This phone, at $129 MSRP, is probably what you’d expect to see in settings like chain drug stores, department stores, and big box stores. It will handle really busy times whether it’s a seasonal crux or daily crunch time when several calls come through at once. The 6865i will let you park calls and get to the call as soon as you can. Because of it’s sturdy body, it’s going to be able to take a lot of abuse from those employees who might not have any respect for company property. This phones probably isn’t going to survive too many drops, but it’s going to stand up to a lot of wear and tear abuse workers are most likely going to inflict upon the device.
If the Aastra 6865i is still not cutting it for you, the next step up is the Aastra 6867i. Still a 9 line phone, this deskphone offers many of the same features, but has a 3.5” QVGA color backlit LCD display and ICON based navigation. Again: sturdy, large keys, slim design, this time a complete matte finish, and Hi-Q audio. The Aastra 6867i was plugged in and we made some phone calls on the speakerphone, since that’s what all this Hi-Q is promoting.
When the person on the other end of the call has a regular deskphone, the speakerphone sounds like any speakerphone call you experience with superb volume. However, when the person at the other end of the call is also using Hi-Q, there is a noticeable call quality difference. Both calls came through loud and clear–the speakerphone has incredible volume and dual microphones do a remarkable job picking up sound waves–but the dual Hi-Q call between the two Aastra phones made for a genuine life-like conversation (those are Aastra’s words, but based on my experience, it’s a legitimate claim) The voice was identifiable and there wasn’t any confusion as to what the other person was saying. So Aastra’s Hi-Q really does hold some weight, but only with other Aastra Hi-Q phones. All other calls just come through loud and clear, and the speakerphone is going to work great for small conference rooms or large executive offices.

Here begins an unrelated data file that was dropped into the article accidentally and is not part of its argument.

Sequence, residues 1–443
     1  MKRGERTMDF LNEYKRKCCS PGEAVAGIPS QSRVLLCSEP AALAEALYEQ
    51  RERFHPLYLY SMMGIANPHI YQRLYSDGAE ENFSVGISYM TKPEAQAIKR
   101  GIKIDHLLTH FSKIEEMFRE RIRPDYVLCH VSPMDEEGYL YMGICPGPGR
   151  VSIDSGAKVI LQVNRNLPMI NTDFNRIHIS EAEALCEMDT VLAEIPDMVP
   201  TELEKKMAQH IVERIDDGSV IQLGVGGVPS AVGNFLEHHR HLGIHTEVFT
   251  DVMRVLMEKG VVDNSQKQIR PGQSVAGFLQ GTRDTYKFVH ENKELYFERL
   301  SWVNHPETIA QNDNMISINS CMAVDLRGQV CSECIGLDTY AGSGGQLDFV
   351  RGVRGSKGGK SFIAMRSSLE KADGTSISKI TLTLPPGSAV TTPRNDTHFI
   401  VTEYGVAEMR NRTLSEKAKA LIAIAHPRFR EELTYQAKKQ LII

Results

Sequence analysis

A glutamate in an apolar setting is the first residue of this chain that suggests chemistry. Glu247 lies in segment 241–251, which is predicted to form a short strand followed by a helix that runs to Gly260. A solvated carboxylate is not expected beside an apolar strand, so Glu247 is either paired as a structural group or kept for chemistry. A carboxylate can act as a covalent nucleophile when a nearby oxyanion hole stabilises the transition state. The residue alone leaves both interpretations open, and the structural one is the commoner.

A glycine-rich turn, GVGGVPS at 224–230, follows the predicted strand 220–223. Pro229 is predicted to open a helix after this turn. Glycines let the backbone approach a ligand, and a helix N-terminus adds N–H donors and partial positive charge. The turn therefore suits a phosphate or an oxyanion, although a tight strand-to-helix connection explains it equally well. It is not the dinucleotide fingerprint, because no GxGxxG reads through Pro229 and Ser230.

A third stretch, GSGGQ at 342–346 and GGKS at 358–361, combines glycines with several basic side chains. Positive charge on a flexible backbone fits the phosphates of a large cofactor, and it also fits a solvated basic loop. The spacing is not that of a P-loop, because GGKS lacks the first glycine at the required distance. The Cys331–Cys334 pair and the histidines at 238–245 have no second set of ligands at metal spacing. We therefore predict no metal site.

Speaking of coming through loud and clear, if you or someone else in the company who will be using these phones is outfitted with a hearing aid, all of the 6800i series HD handsets are hearing aid compatible, which as our trainer explained, means the hardware in the handset is synced to work especially with the hardware in hearing aids. As the average age of people wearing hearing aids seems to be lowering (either that or I’m just aging–maybe a little of both), this isn’t really just something to ignore. HAC is becoming a factor in purchasing decisions, and Aastra has already acknowledged and responded to that need. It wasn’t until after the training that I even realized the trainer had a hearing aid, so there you go, proof from the horses mouth.
If your hearing is great but your sight isn’t at it’s best, the 3.5” screen was very readable even from a distance where I was sitting down at the far end of the conference table. The color screen read so well I can’t imagine what the 6869i could possibly offer that the 6867i can’t. Whenever it comes out, the 6869i is going to look great.
Update:I’m now using the Aastra 6867i as my own personal desk phone. To hear what I think about it as a phone for daily use, read my Aastra 6867i Review!
Alas, I cannot report on the Aastra 6869i as it is not yet set to be launched. As of our training, the launch date is set for October 2014, but our trainer believes the release date might be bumped up. So set your expectations for October, but hopefully we’ll see it sooner. The 6869i will offer everything the 6867i offers only the color LCD screen will be 4.3” inches, the unique audio design of the 6869i allows it to build on the impressive audio characteristics of the 6867i to further enhance audio performance. From what I can gleen from the pictures, it looks as if the 6869i is going to have a matte finish.